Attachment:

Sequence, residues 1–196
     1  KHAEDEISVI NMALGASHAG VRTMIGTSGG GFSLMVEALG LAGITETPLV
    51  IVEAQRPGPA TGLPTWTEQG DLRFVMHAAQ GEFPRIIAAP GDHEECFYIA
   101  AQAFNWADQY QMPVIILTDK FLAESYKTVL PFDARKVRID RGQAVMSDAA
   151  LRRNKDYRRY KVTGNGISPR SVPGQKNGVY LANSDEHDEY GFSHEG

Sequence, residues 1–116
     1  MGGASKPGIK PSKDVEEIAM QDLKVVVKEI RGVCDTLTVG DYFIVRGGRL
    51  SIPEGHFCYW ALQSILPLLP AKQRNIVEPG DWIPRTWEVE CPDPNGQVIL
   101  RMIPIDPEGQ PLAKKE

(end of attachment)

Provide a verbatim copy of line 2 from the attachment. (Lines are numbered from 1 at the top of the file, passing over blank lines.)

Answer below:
     1  KHAEDEISVI NMALGASHAG VRTMIGTSGG GFSLMVEALG LAGITETPLV